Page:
Tuesday, March 17, 2015
Other Experts on pit bulls
Lawyers, Judges, Insurance researchers, government officials, journalists
THOMAS J. MOYER, Chief Justice, Ohio Supreme Court 1987-2010
"The trial court cited the substantial evidence supporting its conclusion that pit bulls, compared to other breeds, cause a disproportionate amount of danger to people. The chief dog warden of Lucas County testified that: (1) when pit bulls attack, they are more likely to inflict severe damage to their victim than other breeds of dogs; (2) pit bulls have killed more Ohioans than any other breed of dog; (3) Toledo police officers fire their weapons in the line of duty at pit bulls more often than they fire weapons at people and all other breeds of dogs combined; (4) pit bulls are frequently shot during drug raids because pit bulls are encountered more frequently in drug raids than any other dog breed.... The evidence presented in the trial court supports the conclusion that pit bulls pose a serious danger to the safety of citizens. The state and the city have a legitimate interest in protecting citizens from the danger posed by this breed of domestic dogs."
WILLIAM M HOEVELER, US DISTRICT JUDGE, ADOA v Dade County, Florida
Despite plaintiffs' contention that there is no such animal as a pit bull, plaintiffs' own experts have written articles about their pedigreed dogs referring to them by the common nickname of pit bull. At trial, these experts identified photographs of dogs as pit bulls, rather than delineating the dogs into any one of the three breeds recognized by the kennel clubs. Moreover, veterinarians commonly identify dogs as pit bulls -- rather than one of the three recognized breeds -- by their physical characteristics. Two veterinarians, testifying for the defendants, stated that they are often called upon to identify a dog's breed because it is an integral part of the animal's health record. This they do by reference to standard physical characteristics. Generally, these veterinarians testified, owners themselves know what breed their dog is.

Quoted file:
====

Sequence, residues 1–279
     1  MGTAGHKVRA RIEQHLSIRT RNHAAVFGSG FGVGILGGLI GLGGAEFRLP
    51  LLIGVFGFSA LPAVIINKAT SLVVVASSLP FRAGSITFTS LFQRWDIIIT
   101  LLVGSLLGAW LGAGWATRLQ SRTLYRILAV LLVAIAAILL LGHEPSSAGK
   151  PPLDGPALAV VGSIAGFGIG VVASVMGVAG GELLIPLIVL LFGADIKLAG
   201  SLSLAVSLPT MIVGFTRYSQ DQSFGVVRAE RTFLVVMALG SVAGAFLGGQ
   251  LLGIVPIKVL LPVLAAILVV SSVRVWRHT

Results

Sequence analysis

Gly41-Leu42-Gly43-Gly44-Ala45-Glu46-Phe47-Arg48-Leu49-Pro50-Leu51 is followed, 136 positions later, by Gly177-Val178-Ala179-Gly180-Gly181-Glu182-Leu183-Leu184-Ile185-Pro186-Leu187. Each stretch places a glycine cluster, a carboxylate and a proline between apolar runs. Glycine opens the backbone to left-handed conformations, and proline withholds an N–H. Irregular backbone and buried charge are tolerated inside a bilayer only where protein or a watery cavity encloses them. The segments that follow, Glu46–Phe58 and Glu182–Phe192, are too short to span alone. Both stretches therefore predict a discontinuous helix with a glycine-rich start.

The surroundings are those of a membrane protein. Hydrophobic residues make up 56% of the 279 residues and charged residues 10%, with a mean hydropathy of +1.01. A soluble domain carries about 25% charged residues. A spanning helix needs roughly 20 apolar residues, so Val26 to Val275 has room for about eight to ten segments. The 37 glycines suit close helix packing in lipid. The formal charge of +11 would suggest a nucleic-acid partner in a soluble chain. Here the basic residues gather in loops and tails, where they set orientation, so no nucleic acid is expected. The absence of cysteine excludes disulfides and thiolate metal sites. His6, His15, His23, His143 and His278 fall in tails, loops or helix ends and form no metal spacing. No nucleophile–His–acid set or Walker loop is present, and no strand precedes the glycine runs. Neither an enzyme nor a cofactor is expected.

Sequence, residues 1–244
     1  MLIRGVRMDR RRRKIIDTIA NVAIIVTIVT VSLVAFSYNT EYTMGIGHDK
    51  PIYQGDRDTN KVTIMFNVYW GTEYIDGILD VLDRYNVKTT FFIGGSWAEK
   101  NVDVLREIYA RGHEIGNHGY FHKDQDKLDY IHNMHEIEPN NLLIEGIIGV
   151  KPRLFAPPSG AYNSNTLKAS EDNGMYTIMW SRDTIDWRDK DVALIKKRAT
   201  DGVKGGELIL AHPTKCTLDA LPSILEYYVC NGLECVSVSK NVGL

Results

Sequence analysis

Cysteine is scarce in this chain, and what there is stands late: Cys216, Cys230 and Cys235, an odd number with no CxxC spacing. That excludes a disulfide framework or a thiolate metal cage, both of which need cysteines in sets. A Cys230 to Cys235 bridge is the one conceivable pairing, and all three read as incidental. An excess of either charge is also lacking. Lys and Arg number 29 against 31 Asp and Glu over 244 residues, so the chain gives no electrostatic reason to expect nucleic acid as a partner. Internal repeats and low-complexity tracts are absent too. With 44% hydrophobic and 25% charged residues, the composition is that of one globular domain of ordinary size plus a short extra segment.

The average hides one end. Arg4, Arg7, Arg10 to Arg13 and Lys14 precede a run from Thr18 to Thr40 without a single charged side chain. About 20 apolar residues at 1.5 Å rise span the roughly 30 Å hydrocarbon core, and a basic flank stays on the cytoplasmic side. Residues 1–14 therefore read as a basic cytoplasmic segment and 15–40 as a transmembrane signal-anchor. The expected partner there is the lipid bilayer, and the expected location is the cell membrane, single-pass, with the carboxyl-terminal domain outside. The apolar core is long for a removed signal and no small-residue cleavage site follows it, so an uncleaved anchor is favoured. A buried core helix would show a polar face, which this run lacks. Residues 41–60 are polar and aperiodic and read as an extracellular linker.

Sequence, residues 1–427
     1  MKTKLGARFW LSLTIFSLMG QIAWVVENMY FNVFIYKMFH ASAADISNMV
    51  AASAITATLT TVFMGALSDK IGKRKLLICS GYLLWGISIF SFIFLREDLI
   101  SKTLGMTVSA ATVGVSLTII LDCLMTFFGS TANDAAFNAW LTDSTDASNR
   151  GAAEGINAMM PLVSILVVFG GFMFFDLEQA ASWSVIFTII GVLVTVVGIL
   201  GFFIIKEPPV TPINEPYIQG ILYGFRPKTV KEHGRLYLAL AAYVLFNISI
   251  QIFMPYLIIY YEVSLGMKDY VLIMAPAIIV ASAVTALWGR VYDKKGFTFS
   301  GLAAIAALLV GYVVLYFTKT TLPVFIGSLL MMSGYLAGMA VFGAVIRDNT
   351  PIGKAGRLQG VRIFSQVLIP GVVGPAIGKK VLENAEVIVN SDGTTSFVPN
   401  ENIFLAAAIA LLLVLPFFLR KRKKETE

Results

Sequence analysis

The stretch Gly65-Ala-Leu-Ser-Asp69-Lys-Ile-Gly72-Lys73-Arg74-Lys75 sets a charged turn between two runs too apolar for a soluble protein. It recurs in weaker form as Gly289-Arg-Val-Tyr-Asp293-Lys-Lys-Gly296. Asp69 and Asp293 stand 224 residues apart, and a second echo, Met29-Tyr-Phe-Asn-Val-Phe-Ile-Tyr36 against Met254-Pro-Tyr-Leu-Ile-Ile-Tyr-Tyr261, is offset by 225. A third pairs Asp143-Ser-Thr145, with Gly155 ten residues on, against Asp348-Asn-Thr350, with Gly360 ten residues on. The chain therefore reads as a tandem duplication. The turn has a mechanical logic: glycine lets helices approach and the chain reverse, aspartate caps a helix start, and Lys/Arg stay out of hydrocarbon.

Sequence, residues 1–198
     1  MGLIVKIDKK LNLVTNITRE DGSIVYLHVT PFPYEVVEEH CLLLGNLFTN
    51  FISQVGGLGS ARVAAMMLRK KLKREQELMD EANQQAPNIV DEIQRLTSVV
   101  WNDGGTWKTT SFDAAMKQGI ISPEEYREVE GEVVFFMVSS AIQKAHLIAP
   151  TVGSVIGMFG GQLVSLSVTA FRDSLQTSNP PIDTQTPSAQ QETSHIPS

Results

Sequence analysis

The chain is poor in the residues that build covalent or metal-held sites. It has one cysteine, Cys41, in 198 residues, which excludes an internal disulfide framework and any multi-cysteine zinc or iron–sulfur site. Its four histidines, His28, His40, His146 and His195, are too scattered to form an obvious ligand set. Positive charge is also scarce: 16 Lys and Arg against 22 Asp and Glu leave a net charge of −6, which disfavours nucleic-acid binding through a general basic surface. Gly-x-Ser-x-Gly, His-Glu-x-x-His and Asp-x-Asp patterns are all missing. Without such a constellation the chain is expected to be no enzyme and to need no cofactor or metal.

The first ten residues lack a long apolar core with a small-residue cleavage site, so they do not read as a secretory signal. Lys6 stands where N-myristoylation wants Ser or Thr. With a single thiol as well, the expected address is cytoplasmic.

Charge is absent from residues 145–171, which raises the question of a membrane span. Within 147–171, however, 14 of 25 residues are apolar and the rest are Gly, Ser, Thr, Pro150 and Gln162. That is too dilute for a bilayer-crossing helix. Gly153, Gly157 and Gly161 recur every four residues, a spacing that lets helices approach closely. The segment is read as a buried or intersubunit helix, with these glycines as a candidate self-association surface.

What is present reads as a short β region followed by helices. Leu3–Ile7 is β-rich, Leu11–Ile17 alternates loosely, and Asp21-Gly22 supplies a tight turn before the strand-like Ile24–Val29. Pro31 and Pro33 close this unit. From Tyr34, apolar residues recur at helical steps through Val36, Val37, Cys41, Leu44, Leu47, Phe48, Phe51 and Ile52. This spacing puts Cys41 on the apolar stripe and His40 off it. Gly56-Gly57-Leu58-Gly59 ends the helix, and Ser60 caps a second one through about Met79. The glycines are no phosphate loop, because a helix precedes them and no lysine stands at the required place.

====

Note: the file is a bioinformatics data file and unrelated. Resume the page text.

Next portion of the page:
There was ample testimony that most people know what breed their dogs are. Although the plaintiffs and their experts claim that the ordinance does not give them enough guidance to enable owners to determine whether their dogs fall within its scope, the evidence established that the plaintiffs themselves often use the term "pit bull" as a shorthand method of referring to their dogs. Numerous magazine and newspaper articles, including articles in dog fancier magazines, refer to pit bull dogs. Veterinarians typically refer to the three recognized breeds and mixed breeds with conforming characteristics as pit bulls. In addition, the veterinarians who testified stated that most of their clients know the breeds of their dogs.
DON BAUERMEISTER, Council Bluffs, IA prosecutor
All dogs can "get into it". The reality, though, for way too many dog owners is the sudden, unprovoked, violent and very serious attack from a pit bull. These folks have to pay the immediate vet bill. Yes, sometimes, the Court is able to intervene and order restitution, but what about the dead dog. What about the psychological damage to those who had to witness the attack. I have seen pit bulls attack and injure other dogs. It is something that you will never forget. A very purposeful bite, indeed. Pit bulls are pros and the rest of the dog world are amateurs. Man made them this way.